Differential allergen sensitization patterns in chestnut allergy with or without associated latex-fruit syndrome.J Allergy Clin Immunol 2006; 118(3):705-10JA
Chestnut allergy has been almost exclusively considered in the context of the latex-fruit syndrome. Chestnut allergens not linked to latex hypersensitivity have not been studied.
We sought to explore whether differences in sensitization patterns between chestnut allergy with or without associated latex-fruit syndrome can be detected.
Twelve patients sensitized to chestnut but not to latex and 3 control patients with latex-chestnut allergy were analyzed. A major chestnut allergen was purified and characterized. IgE immunoblotting, specific IgE determination, and skin prick tests with 5 isolated allergens involved in food allergy or latex-fruit syndrome were also performed.
A major 9-kd allergen was detected in chestnut extract, isolated, and identified as lipid transfer protein (LTP) Cas s 8. Specific IgE to this allergen was found in 91% (by means of IgE immunoblotting) and 58% (by means of ELISA) of sera from patients with chestnut but not latex allergy. Moreover, 66% of these patients had positive skin prick test responses to Cas s 8. Additionally, allergenic LTPs from peach fruit and Artemisia vulgaris pollen were also reactive. In contrast, avocado class I chitinase and latex hevein, allergens associated with the latex-fruit syndrome, showed no reaction. The opposite situation was exhibited by patients with latex-chestnut allergy.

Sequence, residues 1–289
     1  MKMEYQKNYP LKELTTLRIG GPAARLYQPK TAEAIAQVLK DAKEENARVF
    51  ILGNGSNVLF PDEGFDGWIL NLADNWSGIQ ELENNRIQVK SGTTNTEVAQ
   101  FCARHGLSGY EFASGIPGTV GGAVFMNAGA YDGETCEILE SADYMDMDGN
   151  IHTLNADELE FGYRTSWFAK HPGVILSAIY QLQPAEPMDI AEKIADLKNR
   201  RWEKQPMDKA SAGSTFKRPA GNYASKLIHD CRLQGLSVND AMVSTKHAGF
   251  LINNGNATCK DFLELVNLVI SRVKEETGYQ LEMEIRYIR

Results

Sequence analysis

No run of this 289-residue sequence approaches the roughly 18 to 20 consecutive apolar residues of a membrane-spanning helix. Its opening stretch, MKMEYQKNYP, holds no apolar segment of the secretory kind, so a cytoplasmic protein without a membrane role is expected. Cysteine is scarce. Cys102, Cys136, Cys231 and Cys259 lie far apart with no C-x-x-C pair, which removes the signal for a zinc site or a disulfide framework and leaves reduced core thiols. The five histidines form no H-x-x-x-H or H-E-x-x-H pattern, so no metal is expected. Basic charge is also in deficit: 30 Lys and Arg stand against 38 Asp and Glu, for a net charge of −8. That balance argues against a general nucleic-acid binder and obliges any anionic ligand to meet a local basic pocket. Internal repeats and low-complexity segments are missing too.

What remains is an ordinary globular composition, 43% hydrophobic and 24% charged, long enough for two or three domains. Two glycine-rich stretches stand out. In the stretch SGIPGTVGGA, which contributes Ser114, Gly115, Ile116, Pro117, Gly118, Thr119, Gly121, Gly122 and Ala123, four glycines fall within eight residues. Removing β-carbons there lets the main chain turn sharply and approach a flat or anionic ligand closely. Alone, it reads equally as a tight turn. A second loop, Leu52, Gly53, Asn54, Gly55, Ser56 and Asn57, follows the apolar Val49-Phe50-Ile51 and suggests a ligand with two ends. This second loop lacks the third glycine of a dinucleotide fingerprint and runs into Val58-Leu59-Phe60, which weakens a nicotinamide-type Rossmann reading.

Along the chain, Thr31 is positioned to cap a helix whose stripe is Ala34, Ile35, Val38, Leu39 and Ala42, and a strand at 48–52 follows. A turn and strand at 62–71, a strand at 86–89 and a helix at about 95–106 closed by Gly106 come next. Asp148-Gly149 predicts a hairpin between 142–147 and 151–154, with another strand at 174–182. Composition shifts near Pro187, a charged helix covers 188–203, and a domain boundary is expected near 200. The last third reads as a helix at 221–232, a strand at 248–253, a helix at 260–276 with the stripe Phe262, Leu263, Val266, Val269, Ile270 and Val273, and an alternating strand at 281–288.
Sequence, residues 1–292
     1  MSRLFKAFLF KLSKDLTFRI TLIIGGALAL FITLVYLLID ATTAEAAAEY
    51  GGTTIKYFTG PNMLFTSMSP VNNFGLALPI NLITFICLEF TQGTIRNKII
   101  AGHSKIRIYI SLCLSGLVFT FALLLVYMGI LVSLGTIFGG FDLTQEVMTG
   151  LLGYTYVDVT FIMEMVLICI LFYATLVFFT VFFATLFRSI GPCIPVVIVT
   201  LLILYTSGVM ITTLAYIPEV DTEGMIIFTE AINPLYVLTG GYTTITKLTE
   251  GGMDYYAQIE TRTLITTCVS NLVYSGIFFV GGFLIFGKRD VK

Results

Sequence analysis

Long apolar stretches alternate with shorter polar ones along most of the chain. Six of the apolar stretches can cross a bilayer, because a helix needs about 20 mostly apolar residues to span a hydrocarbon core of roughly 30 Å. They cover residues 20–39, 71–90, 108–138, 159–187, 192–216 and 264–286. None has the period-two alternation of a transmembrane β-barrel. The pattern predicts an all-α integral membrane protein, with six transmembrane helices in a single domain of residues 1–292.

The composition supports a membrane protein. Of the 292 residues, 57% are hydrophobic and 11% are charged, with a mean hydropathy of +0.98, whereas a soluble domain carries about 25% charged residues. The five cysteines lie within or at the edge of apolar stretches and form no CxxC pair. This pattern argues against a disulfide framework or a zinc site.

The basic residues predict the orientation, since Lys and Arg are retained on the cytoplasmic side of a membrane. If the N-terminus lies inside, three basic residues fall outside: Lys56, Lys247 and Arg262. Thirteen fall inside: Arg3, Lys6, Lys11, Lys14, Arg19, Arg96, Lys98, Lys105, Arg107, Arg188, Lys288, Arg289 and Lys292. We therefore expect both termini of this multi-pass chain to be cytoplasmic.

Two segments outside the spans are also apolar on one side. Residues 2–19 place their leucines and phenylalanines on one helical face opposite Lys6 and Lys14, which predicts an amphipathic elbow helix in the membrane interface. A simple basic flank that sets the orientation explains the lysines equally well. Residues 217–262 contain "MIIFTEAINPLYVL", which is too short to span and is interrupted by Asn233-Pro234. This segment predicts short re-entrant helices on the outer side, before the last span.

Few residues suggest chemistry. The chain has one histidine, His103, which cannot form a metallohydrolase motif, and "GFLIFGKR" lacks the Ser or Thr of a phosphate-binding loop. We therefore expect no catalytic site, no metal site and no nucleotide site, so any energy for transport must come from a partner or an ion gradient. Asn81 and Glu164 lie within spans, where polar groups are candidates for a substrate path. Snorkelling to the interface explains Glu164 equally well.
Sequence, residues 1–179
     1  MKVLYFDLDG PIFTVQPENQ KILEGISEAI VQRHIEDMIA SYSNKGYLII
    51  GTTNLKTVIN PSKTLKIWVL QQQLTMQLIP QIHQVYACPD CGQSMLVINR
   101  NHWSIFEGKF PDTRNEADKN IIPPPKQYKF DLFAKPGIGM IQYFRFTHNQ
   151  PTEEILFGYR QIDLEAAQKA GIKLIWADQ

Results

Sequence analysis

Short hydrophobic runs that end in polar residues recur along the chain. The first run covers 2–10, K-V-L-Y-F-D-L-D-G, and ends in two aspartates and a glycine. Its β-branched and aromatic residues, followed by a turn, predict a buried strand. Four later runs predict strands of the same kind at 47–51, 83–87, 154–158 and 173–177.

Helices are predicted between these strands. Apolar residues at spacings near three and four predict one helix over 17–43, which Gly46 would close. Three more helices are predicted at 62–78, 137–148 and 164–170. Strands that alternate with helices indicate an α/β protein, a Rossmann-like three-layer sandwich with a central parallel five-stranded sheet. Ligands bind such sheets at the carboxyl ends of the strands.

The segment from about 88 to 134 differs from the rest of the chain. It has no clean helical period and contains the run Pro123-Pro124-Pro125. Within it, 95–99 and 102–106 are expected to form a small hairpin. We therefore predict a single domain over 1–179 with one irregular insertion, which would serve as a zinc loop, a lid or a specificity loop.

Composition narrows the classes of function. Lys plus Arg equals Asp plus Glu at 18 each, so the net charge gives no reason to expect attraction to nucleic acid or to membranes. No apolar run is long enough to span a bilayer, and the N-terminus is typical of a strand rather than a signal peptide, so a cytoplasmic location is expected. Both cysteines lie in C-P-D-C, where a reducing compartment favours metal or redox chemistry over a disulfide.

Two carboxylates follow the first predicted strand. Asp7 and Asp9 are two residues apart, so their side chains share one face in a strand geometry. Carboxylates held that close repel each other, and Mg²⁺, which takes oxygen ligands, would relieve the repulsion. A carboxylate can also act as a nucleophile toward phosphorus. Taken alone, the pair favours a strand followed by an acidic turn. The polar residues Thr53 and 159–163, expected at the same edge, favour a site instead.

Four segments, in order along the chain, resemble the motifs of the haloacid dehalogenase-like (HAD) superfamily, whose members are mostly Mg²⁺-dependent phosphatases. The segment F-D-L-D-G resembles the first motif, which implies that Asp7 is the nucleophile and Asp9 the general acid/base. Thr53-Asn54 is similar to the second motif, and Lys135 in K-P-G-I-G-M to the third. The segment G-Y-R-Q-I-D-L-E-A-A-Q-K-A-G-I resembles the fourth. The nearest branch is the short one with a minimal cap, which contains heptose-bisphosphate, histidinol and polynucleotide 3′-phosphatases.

Patients with chestnut allergy with or without associated latex hypersensitivity present different patterns of major allergens (LTPs and class I chitinases, respectively).
LTPs and class I chitinases can be used as diagnostic tools in patients with chestnut allergy to predict whether an associated latex sensitization and a risk of potential cross-reactivity with other plant foods and pollens exist.